Follow-up on the Paposhvili judgment
Follow-up on the ruling by the Grand Chamber of the European Court of Human Right in Paposhvili v. Belgium on 13 December 2016.
Removal of a seriously ill alien may raise an issue under Article 3 of the European Convention on Human Rights.
On 13 December 2016, the Grand Chamber of the European Court of Human Rights gave its ruling in the case Paposhvili v. Belgium on the interpretation of Article 3 of the European Convention on Human Rights (ECHR)in a case concerning the removal of a seriously ill alien.
Firstly, in this ruling, the European Court of Human Rights for the first time gave an account of the “very exceptional cases” where removal of a seriously ill alien, although not at imminent risk of dying, raises an issue under Article 3 of the ECHR. The Court states that such cases concern seriously ill aliens for whom it is assumed that the alien, without treatment in their country of origin, would face a serious, rapid, and irreversible decline in his or her state of health, which will result in their intense suffering or in a significant reduction of their life expectancy.
Secondly, the ruling implies that member states, including Denmark, have an extended obligation of inquiry in such cases.
Accordingly, Denmark, when faced with such cases must establish - as was done hitherto in previous procedures - whether the necessary treatment is available in the country of origin (availability).
In cases where, on the basis of the alien’s own situation, there are serious reasons to believe that there is no actual access to treatment in his or her country of origin (accessibility), Denmark will now have to examine this question more closely. The examination of the actual accessibility shall take into account the costs of the medication and treatment concerned, the existence of a social and family network, and the distance to be travelled in order to have access to the required care. The threshold for considering that a person does not have actual access to treatment remains high.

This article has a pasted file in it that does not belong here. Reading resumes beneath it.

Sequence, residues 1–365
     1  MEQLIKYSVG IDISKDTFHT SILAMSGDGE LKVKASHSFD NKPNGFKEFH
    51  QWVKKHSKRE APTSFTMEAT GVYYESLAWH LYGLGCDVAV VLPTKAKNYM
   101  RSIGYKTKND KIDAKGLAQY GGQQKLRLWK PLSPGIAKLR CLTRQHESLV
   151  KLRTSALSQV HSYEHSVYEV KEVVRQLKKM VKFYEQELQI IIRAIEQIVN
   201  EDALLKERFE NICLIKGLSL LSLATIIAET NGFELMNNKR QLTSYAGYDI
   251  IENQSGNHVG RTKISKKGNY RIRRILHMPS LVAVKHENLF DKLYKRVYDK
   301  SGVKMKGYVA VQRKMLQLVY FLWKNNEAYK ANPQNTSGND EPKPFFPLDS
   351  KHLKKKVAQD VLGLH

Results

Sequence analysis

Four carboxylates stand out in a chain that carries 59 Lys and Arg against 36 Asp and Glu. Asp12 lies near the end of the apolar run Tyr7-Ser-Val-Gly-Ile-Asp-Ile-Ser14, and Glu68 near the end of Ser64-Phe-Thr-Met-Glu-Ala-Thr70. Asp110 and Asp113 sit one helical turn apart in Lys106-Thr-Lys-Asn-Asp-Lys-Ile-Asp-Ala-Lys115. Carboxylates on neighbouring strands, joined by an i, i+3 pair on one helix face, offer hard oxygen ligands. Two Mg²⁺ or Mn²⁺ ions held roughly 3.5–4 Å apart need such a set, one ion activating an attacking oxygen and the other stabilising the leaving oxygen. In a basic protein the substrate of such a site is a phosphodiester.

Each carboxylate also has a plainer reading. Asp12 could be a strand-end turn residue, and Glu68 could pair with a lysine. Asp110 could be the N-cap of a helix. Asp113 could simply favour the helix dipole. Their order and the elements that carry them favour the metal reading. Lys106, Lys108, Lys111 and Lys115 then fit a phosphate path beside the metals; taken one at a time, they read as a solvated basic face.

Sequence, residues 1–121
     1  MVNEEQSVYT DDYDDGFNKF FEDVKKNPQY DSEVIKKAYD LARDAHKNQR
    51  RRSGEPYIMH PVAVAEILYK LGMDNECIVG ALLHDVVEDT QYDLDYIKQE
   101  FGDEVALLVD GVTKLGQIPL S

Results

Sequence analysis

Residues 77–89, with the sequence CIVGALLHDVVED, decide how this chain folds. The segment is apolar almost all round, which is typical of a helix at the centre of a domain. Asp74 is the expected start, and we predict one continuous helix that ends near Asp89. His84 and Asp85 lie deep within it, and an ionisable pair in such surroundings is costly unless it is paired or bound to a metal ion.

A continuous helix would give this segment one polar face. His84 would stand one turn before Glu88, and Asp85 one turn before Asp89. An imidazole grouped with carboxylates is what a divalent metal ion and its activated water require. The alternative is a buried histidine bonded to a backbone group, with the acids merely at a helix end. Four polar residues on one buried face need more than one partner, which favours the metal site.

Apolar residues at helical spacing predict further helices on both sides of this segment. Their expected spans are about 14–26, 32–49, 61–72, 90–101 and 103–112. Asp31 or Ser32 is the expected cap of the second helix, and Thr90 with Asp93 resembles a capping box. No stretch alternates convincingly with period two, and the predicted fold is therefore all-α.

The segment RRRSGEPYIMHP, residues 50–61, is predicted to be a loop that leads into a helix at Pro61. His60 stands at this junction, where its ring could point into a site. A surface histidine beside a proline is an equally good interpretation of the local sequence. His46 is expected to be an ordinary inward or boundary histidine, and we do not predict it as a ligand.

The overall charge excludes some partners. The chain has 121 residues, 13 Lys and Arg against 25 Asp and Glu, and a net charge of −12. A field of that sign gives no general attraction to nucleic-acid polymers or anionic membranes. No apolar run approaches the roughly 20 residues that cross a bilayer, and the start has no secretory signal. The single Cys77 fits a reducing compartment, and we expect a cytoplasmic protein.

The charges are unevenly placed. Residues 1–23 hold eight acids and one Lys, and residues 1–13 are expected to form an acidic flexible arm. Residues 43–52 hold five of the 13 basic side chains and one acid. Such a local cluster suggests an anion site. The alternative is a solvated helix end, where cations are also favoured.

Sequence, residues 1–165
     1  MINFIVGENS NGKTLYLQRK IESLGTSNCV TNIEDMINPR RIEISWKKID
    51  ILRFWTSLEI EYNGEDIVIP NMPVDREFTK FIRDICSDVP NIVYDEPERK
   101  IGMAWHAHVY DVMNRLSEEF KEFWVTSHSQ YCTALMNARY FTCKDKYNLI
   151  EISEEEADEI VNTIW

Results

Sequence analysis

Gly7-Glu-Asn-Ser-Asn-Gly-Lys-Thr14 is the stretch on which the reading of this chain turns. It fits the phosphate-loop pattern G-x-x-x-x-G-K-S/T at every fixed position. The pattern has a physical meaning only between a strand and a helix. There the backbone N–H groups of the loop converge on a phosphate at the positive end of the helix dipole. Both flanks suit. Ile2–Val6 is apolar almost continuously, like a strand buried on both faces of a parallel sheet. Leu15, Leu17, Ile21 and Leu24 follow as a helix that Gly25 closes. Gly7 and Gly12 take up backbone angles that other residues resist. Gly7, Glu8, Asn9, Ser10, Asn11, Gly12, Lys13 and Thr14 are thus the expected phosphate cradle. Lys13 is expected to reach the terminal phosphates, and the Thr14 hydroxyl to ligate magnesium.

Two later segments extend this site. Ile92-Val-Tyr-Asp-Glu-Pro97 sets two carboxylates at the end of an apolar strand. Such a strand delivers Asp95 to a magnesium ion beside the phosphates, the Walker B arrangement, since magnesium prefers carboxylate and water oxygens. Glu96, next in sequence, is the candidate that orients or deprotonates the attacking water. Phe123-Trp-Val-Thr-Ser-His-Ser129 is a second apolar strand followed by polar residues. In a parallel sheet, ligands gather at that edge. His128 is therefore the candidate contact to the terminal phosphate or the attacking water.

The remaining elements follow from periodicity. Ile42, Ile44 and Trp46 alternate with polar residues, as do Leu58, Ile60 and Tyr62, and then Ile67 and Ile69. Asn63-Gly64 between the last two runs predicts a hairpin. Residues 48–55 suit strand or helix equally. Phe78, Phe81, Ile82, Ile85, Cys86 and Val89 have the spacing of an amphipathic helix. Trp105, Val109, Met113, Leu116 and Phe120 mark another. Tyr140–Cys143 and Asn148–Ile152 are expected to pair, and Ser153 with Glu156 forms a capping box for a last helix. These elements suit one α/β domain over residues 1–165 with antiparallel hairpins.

Consequently, there is a need to adjust domestic procedures to ensure that the ministry, to a greater extent than today, examines the question of actual accessibility closer before making a decision on residence permits on grounds of health.
Further details regarding the adjustment of the ministry’s practice and the practical implementation thereof will be made available in a memorandum published at www.nyidanmark.dk shortly.
Against this background, the Ministry of Immigration and Integration has decided to evaluate the consequences of the adjusted practice over a period of 4 weeks in a number of specific cases regarding residence permit on the grounds of health. The ministry will contact the concerned aliens currently staying in Denmark for whom the adjusted practice may be relevant. In such cases, the ministry will postpone time limits for voluntary departure with four weeks. Aliens who believe that their case is among those affected by the ruling may contact the Ministry of Immigration and Integration at firstname.lastname@example.org